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Home / Opinion Digests / Civil Practice / Civil Practice – Removal – Diversity – N.C. Defendant – Fraudulent Joinder Claim – Insurance – Fraud & Unfair Trade Practices

Civil Practice – Removal – Diversity – N.C. Defendant – Fraudulent Joinder Claim – Insurance – Fraud & Unfair Trade Practices

Ansley v. HealthMarkets, Inc. (Lawyers Weekly No. 11-02-1193, 14 pp.) (W. Earl Britt, Sr.J.) E.D.N.C.

Holding: The language of a health insurance policy was not so clear that, as a matter of law, plaintiffs should have figured out as soon as they read the policy that it would not pay for what the defendant-insurance agent said it would pay for. Therefore, defendants have not shown that plaintiffs’ fraud and unfair trade practices claims are time-barred.

Plaintiffs’ motion to remand to state court is granted. Plaintiffs’ request for costs and expenses is denied.


Plaintiffs asked the defendant-insurance agent for a health insurance policy that would protect their assets in the case of a catastrophic accident or illness. The agent represented that the policy at issue provided the type of coverage plaintiffs sought: it would pay up to $1,000,000 in benefits over the course of an insured’s lifetime and up to $500,000 in benefits for a single illness. Plaintiffs bought the policy, and the agent sent a copy of the policy to plaintiffs in September 2001.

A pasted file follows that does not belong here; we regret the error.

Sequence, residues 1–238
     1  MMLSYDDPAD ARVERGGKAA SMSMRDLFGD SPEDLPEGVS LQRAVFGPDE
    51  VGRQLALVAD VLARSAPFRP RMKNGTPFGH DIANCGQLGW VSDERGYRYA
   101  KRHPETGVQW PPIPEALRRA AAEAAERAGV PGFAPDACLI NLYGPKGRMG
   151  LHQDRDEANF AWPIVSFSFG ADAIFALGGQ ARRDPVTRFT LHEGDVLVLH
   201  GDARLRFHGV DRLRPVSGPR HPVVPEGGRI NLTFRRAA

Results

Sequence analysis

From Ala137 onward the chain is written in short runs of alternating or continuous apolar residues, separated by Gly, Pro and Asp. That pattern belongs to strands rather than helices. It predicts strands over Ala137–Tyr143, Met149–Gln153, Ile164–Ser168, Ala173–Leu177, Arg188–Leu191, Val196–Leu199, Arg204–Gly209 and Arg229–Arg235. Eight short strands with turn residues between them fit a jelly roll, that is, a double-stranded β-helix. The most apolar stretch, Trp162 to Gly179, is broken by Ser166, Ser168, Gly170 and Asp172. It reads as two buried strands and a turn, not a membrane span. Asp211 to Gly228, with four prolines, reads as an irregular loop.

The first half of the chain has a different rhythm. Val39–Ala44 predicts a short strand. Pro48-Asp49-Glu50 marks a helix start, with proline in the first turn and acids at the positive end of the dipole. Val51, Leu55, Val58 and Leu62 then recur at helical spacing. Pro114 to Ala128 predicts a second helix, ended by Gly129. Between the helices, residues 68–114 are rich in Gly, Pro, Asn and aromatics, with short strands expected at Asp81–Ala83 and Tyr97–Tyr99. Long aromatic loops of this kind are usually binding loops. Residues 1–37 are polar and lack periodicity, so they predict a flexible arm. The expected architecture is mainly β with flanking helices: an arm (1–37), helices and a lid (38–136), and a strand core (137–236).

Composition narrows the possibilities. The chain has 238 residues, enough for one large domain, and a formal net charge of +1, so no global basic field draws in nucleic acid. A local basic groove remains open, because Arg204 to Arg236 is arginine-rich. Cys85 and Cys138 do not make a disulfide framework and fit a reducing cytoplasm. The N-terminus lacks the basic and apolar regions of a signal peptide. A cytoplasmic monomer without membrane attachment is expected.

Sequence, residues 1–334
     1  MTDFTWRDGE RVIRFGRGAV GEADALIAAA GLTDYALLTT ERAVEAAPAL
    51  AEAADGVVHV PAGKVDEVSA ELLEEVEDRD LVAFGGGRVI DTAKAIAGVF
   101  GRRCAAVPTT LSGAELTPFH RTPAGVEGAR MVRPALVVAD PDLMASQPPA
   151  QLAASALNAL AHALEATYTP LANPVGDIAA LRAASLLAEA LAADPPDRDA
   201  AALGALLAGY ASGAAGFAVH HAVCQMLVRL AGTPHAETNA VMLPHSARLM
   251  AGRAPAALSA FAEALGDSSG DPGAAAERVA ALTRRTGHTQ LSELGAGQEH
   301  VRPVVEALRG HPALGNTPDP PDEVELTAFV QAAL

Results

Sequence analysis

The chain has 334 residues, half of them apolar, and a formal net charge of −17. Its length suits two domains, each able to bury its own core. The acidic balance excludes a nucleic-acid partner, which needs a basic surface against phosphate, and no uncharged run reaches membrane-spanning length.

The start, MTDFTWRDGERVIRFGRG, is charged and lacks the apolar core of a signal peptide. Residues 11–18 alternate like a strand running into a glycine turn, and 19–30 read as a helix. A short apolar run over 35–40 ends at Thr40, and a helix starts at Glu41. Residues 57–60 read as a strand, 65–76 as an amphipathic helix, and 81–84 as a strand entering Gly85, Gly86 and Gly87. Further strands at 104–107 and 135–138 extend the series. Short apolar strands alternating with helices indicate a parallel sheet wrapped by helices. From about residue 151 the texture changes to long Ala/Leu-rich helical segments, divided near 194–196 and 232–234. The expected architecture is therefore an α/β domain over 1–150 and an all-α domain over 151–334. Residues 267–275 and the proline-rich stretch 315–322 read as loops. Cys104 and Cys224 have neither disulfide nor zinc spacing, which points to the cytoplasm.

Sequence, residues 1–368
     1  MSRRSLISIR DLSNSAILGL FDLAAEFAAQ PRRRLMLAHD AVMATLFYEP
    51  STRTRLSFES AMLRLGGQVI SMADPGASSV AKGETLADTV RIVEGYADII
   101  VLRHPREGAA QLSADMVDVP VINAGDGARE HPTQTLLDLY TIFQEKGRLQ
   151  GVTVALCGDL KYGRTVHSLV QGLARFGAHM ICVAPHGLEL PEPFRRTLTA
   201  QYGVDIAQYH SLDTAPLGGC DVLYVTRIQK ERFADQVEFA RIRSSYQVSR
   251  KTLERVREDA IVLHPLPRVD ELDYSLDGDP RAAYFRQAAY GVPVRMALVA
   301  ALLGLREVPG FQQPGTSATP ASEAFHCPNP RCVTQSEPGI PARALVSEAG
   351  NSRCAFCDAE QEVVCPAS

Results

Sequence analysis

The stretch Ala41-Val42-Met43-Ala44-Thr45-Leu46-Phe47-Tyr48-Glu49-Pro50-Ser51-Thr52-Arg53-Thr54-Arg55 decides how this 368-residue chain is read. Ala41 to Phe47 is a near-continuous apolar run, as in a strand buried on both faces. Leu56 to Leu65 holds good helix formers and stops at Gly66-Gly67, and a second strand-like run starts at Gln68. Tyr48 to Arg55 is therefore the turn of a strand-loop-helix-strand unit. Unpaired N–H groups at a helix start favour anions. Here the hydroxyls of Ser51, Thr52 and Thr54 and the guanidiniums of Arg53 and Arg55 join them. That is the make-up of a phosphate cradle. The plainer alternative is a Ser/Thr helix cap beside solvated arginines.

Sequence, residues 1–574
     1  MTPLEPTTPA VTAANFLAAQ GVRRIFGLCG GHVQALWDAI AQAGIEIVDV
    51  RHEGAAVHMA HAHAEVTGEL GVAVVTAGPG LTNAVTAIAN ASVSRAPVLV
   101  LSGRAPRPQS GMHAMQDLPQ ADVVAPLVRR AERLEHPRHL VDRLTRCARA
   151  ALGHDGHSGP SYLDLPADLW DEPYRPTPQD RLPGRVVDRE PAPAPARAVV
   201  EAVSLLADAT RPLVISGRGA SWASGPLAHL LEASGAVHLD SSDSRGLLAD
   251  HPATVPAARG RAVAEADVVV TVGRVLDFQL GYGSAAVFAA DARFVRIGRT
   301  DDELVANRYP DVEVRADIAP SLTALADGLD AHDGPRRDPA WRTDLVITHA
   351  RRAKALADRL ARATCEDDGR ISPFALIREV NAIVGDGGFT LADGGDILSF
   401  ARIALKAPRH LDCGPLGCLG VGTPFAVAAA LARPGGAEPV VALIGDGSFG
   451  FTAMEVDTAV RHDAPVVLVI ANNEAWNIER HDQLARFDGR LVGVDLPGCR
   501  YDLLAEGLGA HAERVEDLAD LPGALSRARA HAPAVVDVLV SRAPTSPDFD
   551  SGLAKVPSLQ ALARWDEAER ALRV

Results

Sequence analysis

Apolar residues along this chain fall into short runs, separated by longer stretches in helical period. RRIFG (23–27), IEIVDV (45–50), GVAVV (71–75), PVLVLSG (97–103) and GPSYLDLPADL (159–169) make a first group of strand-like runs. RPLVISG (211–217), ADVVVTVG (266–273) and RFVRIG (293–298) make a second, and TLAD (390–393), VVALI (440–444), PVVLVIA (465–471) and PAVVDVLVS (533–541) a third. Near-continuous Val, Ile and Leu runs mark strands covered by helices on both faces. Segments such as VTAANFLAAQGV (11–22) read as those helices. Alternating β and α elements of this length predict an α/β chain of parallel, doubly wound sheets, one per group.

In 2004, plaintiff Jerry Ansley became ill and was hospitalized several times. He accumulated over $1,000,000 in medical bills. After the insurer paid only a small fraction of Jerry’s medical bills, plaintiffs commenced this action in state court on Jan. 14, 2008, alleging fraud and unfair trade practices.

Plaintiffs and the agent are N.C. residents. The remaining defendants are residents of other states.

Defendants removed on the basis of diversity of citizenship, claiming the insurance agent was fraudulently joined. This action was transferred to Texas as part of multi-district litigation, but it has been remanded back to this court. Plaintiffs seek remand to state court.

Fraudulent Joinder

Defendants do not allege that there has been outright fraud in plaintiffs’ pleading of jurisdictional facts. Thus, the only question is whether plaintiffs have any possibility of recovering damages from the agent, the non-diverse defendant, in state court. If so, then the case must be remanded to state court for lack of diversity jurisdiction.

Defendants contend plaintiffs cannot recover damages from the agent because their claims are time-barred.

Plaintiffs contend that their lawsuit was filed within the applicable limitations periods because their fraud and unfair trade practices claims did not accrue until sometime on or after Jan. 14, 2005, when they actually discovered that Jerry’s medical bills were not being paid. Defendants insist that plaintiffs should have discovered their alleged claims upon receipt of the insurance policy in September 2001 because the terms of the policy are clear and unambiguous.